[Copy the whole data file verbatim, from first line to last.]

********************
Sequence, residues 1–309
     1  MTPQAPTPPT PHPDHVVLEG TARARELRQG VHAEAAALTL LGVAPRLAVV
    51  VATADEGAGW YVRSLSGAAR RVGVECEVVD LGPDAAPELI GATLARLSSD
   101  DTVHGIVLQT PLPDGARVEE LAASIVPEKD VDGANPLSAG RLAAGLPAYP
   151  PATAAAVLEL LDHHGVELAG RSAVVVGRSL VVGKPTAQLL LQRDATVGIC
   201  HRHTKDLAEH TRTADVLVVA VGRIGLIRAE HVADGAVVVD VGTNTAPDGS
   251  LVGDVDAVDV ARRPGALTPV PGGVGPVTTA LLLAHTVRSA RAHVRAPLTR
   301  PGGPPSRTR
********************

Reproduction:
Sequence, residues 1–309
     1  MTPQAPTPPT PHPDHVVLEG TARARELRQG VHAEAAALTL LGVAPRLAVV
    51  VATADEGAGW YVRSLSGAAR RVGVECEVVD LGPDAAPELI GATLARLSSD
   101  DTVHGIVLQT PLPDGARVEE LAASIVPEKD VDGANPLSAG RLAAGLPAYP
   151  PATAAAVLEL LDHHGVELAG RSAVVVGRSL VVGKPTAQLL LQRDATVGIC
   201  HRHTKDLAEH TRTADVLVVA VGRIGLIRAE HVADGAVVVD VGTNTAPDGS
   251  LVGDVDAVDV ARRPGALTPV PGGVGPVTTA LLLAHTVRSA RAHVRAPLTR
   301  PGGPPSRTR